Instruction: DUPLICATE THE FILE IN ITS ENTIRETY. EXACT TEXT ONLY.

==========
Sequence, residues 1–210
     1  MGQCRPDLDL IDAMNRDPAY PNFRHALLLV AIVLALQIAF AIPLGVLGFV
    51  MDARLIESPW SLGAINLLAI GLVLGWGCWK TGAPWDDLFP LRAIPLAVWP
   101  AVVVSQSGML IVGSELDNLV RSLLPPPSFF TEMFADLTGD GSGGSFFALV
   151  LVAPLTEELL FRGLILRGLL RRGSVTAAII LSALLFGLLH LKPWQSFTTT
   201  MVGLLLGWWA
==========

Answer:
Sequence, residues 1–210
     1  MGQCRPDLDL IDAMNRDPAY PNFRHALLLV AIVLALQIAF AIPLGVLGFV
    51  MDARLIESPW SLGAINLLAI GLVLGWGCWK TGAPWDDLFP LRAIPLAVWP
   101  AVVVSQSGML IVGSELDNLV RSLLPPPSFF TEMFADLTGD GSGGSFFALV
   151  LVAPLTEELL FRGLILRGLL RRGSVTAAII LSALLFGLLH LKPWQSFTTT
   201  MVGLLLGWWA